Accounting / Accountants, In-House Counsel, Money, Tax Law, Wall Street

Moonlighting: Things Not to Say In-House – ‘I’m Bad at Math’

It’s one of the biggest cons going around. I cringe whenever I hear it. A lawyer laughs and says, “I’m not good with numbers — that’s why I became a lawyer.”

On the surface, it seems to make sense; it sounds like it should be true. For some, it might even be true. After all, the last time we used quadratic equations was back when loafers on bare feet were considered desirable footwear (thanks Don Johnson).

In-house lawyers should never, ever say they’re bad at math — even those who really are. After all, business people are preoccupied with numbers. As an in-house lawyer, telling a business person that you’re bad at math is like telling them you don’t care about the most important thing that everyone else in your company cares about, and if your company is publicly listed, what every investor in your company cares about — the company’s numbers….

This kind of statement makes lawyers look naïve and not savvy at all. It’s like working for the President and not caring about elections. Or like working for Greenpeace and not caring about the exotic, spotted, one-toed, three-eyed tree frog that lives in Omaha, Nebraska. Or like working for Above the Law and not caring that the Biglaw bonuses are exactly the same as last year — it’s just madness, I tell you!

As an in-house lawyer, the more senior you become, the more you’ll need to become friendly with math. Math for in-house attorneys includes reviewing budgets and financial statements, managing outside counsel spend, considering tax and accounting issues, understanding financial analyses performed for agreements and projects and acquisitions, understanding accruals vs. forecast vs. budget, etc. There are lots of color-coded spreadsheets with explanatory footnotes involved.

It’s easy to gloss over financials and metrics and assume that the business folks who’ve prepared them will understand them and get them right. But in order to have a good sense of where we stand in the company, we need to know how the revenue that’s generated by our work ties into the company’s overall revenue. Talk to any senior business person, and you’ll find that they seem to think and talk exclusively in numbers. It’s like they’re obsessed — you know, with like, making money or something.

How to get better with numbers? Educate yourself and ask questions. There are no dumb questions! (Except the truly dumb ones — don’t ask those.) When financial analyses are available, read and try to understand them, row by row, column by column. I keep a notebook of financial terms and acronyms that people throw out during meetings, so that I can ask later. There are also “accounting and finance for lawyers” books and classes, as well helpful websites., for example, is useful for basic definitions of financial terms (go here first for the truly dumb questions). Meet with people in finance of all levels over lunch and ask them to explain their work and perspectives.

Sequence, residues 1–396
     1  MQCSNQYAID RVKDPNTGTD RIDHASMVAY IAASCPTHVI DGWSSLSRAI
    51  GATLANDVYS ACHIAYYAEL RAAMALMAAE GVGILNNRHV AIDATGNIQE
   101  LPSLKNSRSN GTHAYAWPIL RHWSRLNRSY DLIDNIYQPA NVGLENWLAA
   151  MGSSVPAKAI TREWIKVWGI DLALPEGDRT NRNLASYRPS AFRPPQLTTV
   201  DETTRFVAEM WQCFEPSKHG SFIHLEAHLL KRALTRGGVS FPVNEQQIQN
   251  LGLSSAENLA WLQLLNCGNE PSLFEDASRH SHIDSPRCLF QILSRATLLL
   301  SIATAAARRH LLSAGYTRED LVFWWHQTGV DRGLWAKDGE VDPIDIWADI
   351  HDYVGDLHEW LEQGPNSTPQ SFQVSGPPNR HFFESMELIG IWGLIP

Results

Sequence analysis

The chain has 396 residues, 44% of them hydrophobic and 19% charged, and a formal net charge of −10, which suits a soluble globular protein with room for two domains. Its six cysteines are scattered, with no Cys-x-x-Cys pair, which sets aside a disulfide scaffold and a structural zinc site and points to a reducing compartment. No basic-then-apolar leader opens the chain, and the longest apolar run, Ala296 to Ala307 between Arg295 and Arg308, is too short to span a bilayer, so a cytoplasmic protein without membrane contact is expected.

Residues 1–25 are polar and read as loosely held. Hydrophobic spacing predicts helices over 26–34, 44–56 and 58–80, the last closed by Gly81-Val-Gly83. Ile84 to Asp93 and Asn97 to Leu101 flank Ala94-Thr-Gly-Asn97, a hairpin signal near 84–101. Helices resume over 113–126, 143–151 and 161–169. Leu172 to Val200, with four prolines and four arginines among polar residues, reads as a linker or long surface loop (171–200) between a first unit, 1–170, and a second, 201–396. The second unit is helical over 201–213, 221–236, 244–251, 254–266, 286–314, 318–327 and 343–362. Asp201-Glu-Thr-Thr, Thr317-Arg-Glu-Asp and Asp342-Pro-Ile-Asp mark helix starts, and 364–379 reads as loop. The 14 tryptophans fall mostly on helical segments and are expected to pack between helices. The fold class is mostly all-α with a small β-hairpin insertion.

Also, for each matter you work on, consider the financials. How important from a numbers perspective is the contract or deal? When evaluating options, one of the first things you should consider is: how much can this cost us — what are the upper and lower limits? And what are different ways we can remodel or approach this issue or project to minimize our financial risk?

More often than not, lawyers don’t provide numbers when explaining legal risk to business people, who often find this frustrating. All other areas of the business seem adept at providing calculations and metrics relating to their work product, so why not legal? I actually think the business people are probably right in this regard. Lawyers don’t usually provide numbers mainly because we’re just not used to doing it, not because it can’t be done.

As an in-house lawyer, you don’t always have a ready idea of how much has been paid out in similar cases lost by other companies, or how much state or federal fines are for non-compliance with particular regulations. We encounter too many different issues too frequently for it to be practicable to perform this kind of research or analysis each time. But we could probably counsel our clients a lot better if we did have this kind of information consolidated in some kind of file or database. With this magic database handy, we would be able to provide advice with more clarity and evaluate risk on more than just a subjective whim of what we’ve personally experienced or believe is the norm. If I were an attorney with lots of free time, I would probably look into creating a business out of a database like this (and then offer the product for free to a certain cute, ATL in-house writer — no, not Mark).

Finally, it helps that most of the math concepts that in-house lawyers need to know don’t involve trigonometry or calculus. They’re basics you learn in elementary school — addition, subtraction, multiplication, division, and some percentage calculations here and there. Studying the colorful spreadsheets, calculating different permutations for the formulas in your contracts, plus chatting with business people to get their perspectives on the company’s business, equals a numbers-friendly lawyer who won’t need to worry that the statement “I’m bad at math” may be true.

Are there other tips you can share for getting better at math on the job? Feel free to email them me at

Susan Moon is an in-house attorney at a travel and hospitality company. Her opinions are her own and not those of her company. Also, the experiences Susan shares may include others’ experiences (many in-house friends insist on offering ideas for the blog). You can reach her at and follow her on Twitter at @SusanMoon.

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